Legal & Tax Guide for U.S. Issuers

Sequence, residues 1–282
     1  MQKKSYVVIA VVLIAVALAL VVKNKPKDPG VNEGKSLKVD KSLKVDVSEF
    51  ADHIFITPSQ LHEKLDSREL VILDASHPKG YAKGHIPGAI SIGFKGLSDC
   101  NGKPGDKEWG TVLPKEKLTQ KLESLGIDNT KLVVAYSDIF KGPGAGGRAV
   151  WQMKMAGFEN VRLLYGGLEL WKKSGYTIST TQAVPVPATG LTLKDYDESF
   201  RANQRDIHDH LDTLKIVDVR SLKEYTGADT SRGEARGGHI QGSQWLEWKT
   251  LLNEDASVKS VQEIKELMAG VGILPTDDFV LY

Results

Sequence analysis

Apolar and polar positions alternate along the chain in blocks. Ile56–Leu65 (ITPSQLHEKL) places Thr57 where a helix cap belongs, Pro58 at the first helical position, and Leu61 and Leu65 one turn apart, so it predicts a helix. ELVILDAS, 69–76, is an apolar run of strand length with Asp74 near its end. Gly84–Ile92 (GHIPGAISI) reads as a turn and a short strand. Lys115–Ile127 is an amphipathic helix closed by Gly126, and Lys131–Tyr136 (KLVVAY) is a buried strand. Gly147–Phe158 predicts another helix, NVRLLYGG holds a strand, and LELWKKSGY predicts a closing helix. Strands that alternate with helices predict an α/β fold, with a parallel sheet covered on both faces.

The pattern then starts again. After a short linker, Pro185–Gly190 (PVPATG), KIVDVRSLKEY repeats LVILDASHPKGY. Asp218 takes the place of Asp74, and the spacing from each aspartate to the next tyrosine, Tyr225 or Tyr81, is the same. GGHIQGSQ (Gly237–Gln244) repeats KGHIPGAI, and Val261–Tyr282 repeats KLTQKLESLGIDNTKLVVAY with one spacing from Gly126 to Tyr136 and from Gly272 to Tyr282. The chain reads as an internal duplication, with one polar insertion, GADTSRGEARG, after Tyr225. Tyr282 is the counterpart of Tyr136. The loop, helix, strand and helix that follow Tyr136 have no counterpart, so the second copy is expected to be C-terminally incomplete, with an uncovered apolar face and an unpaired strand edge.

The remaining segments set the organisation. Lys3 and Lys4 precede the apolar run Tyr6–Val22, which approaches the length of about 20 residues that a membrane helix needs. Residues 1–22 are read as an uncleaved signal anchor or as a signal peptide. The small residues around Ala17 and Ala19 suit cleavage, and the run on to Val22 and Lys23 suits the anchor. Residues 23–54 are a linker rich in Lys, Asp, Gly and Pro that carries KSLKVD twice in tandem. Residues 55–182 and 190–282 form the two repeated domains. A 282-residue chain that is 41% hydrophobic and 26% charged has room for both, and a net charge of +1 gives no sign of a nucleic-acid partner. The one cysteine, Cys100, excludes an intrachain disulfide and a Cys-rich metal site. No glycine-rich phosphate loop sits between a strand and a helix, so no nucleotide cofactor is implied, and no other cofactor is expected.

2 Introduction Through a well-charted growth strategy, U.S. companies can list on TSX Venture Exchange, or Toronto Stock Exchange, and then go on to interlist with NYSE or NASDAQ. This can be an effective strategy for managed growth, while leveraging the liquidity of both the Canadian and U.S. marketplaces. As a U.S. Company, you may be asking… QUESTION Answer Does my company need to be incorporated in Canada or have Canadian operations? No. Many corporations incorporated in the United States, Europe, Asia, and Australia are listed on Toronto Stock Exchange and TSX Venture Exchange. A company is not required to have Canadian operations to list on Toronto Stock Exchange or TSX Venture Exchange. Will my company incur Canadian corporate taxes for the capital raised on Toronto Stock Exchange or TSX Venture Exchange? No. There are no Canadian corporate taxes applicable to capital raised in Canada. Will listing on Toronto Stock Exchange or TSX Venture Exchange prevent me from raising capital in the United States? No. Companies listed in Canada can legally raise capital in the United States through either public registered offerings under the United States Securities Act of 1933, as amended (U.S. Securities Act) and in accordance with applicable state securities laws or pursuant to several exemptions from the general registration requirements of the U.S. Securities Act and state securities laws, which may be available in connection with private capital raising transactions. Will my company automatically be subject to reporting requirements in the United States and Sarbanes-Oxley if my company goes public in Canada? No. There are exemptions available from the registration and reporting requirements of the United States Securities Exchange Act of 1934, as amended (U.S. Exchange Act) and, therefore, the reporting requirements of the Sarbanes-Oxley Act of 2002 (Sarbanes-Oxley). Your company may qualify for these exemptions through careful structuring of your company’s listing and continued monitoring of the company’s status in the future. There is not a “one size fits all” solution for going public and listing on Toronto Stock Exchange or TSX Venture Exchange. Companies may take a number of routes to complete a successful listing in Canada depending on legal, tax and business considerations. This guide was prepared, in part, with assistance from Dorsey & Whitney LLP and is intended to provide you with general information related to planning your listing in Canada. The information includes a variety of complex legal and tax matters and is not intended to provide legal or tax advice. No legal, tax or business decisions should be based solely on this content. You should consult legal and tax professionals for more information.